Engineering Disasters: Concorde Crash

On the morning of July 25th, 2000, there was an Air France Concorde crash moments after takeoff from near Paris based International Airport, Charles de Gaulle, killing 113 people. During takeoff, suddenly a tire was cut by a piece of metal strip debris that was lying on the way, and a large chunk of the ruptured tire struck the underneath of the wing caused a series of actions that ended with the crash.

Air France Concord Fireball

Huge fireball erupting from wing of Concord during takeoff

Understanding the Concorde crash

Only five minutes earlier, a Continental flight headed to Newark took off from the same runway, lost a titanium alloy strip. Normal protocol for a Concorde flight includes a full runway examination just before takeoff, this was considered unnecessary at that time. The consequences of that was a piece of this debris ruptured a left tire, which only a few second later disintegrated. A piece of the tire struck the wing, where fuel tank #5 was located. Leaking fuel gushing out from the bottom of the wing and was most likely ignited by an electric arc in the landing gear bay or through contact with hot parts of the engine. Two engines lost all power, and with only 2 km (1.2 mi) of runway remaining and already travelling at a speed of 328 km/h (204 mph), the only option was to take off. The Concorde would have needed at least 3 km (1.9 mi) of runway to safely abort the takeoff. The crew continued with the takeoff, but the plane could not gain enough airspeed with the three remaining engines, and with falling airspeed they lost control and the aircraft stalled and the Concorde crashed into the Hôtelissimo Les Relais Bleus Hotel near the airport.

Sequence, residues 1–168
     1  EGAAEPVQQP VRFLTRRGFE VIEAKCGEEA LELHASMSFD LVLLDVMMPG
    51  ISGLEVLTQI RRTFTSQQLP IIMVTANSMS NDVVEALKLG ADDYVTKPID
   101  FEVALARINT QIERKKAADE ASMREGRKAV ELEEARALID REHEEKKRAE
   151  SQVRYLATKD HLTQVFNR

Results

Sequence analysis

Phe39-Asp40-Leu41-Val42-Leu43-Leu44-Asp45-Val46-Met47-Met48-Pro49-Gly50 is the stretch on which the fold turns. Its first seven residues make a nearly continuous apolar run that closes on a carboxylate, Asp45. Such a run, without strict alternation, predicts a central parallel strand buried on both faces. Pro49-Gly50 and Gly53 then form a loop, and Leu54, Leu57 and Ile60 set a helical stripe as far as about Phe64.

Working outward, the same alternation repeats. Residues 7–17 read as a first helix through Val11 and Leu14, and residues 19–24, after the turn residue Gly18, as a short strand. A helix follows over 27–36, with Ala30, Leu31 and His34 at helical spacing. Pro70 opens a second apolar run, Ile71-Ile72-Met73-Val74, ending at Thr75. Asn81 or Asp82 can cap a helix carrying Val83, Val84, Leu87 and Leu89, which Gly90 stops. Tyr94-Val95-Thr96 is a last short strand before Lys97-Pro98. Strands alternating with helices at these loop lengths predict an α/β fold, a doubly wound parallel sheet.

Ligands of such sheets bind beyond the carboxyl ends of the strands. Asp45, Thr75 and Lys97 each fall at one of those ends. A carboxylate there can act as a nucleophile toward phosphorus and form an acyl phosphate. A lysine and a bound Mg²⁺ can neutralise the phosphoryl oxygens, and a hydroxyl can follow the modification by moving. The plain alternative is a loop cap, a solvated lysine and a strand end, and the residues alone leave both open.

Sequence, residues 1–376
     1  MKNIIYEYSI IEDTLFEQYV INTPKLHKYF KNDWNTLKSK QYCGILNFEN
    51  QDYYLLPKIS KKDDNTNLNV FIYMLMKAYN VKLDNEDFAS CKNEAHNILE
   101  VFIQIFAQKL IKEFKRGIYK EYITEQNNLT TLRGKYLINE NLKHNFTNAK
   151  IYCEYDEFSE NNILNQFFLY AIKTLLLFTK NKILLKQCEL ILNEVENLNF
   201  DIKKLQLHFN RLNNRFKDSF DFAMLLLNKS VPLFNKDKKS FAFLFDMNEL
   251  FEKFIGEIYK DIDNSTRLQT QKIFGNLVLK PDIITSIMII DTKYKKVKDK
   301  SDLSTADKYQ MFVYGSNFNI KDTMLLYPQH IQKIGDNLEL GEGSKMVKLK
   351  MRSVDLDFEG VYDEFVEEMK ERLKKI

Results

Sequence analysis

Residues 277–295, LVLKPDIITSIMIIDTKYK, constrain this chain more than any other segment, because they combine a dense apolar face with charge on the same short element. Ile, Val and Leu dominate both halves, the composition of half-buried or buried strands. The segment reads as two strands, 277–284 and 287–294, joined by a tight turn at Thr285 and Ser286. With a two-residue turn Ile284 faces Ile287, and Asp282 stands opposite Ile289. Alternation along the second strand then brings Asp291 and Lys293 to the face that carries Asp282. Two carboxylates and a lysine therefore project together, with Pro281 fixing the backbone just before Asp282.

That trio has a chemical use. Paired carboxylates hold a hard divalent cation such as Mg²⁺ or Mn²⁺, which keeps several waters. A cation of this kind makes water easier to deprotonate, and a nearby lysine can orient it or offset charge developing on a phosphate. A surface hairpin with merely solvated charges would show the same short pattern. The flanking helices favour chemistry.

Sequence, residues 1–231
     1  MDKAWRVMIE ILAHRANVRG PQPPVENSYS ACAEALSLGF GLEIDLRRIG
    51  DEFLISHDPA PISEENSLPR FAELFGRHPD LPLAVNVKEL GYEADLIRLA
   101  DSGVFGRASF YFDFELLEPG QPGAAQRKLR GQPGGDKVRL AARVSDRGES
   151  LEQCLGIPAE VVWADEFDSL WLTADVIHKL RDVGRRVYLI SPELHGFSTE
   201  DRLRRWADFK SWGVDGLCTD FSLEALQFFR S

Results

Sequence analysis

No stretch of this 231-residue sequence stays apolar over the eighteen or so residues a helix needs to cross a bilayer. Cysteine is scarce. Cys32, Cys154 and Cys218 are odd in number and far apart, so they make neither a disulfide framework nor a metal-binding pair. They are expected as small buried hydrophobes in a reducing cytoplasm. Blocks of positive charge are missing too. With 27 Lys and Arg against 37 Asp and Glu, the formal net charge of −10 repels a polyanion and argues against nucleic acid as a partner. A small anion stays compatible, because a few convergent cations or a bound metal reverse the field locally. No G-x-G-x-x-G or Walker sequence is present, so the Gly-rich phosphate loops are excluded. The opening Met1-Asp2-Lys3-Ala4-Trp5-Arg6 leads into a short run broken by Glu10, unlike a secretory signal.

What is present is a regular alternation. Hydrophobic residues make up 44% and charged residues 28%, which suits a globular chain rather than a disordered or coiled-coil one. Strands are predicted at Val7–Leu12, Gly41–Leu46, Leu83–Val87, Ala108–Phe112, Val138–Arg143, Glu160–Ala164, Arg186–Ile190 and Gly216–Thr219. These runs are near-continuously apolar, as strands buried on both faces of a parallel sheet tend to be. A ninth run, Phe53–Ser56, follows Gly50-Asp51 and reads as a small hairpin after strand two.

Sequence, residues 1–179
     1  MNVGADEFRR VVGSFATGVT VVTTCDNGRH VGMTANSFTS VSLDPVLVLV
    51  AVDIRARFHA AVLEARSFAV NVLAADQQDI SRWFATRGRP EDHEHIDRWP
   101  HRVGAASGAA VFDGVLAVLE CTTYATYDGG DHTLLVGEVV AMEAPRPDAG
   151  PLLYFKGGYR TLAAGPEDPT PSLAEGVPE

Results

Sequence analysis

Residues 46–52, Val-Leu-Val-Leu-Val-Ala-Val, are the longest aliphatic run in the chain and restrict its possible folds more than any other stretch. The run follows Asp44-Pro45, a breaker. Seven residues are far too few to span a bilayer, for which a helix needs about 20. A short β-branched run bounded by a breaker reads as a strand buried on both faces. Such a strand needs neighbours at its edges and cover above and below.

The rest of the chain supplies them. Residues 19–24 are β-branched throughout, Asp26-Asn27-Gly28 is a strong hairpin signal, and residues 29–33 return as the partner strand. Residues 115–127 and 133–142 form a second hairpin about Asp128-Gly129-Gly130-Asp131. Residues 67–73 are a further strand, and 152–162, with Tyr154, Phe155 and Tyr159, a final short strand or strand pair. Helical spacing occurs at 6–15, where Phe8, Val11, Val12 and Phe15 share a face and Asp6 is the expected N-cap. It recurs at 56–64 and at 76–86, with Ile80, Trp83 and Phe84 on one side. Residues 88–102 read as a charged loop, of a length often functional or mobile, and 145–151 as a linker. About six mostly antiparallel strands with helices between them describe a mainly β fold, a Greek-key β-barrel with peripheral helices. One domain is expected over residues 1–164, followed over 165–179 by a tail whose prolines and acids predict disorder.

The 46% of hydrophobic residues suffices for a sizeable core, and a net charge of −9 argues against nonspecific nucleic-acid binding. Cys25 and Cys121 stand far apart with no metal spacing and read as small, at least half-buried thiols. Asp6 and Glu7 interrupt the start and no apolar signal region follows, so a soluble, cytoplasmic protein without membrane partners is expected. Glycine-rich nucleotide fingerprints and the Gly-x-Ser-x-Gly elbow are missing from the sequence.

Future risk mitigation

Air Frace concorde crash

Aftermath of Concorde crash

The accident led to modifications being made to Concorde, including more secure electrical controls, Kevlar lining to the fuel tanks, and specially developed, burst-resistant tires.

The design of the airplane that was once considered among the safest planes in whole world, however the disaster, coupled with the drop in passengers caused by 9/11 attacks, marked the end of the supersonic airliner and the Concorde eventually retired 3 years later.

About: William Tyrell

Mr. Tyrrell has over 40 years of project management, design and engineering experience in industries as diverse as ports, bulk handling facilities, offshore production and drilling, petrochemical and refineries, bauxite and nickel mining, mineral concentrators, pressure vessel fabrication, wood products, pulp and paper, microelectronics, and food processing.

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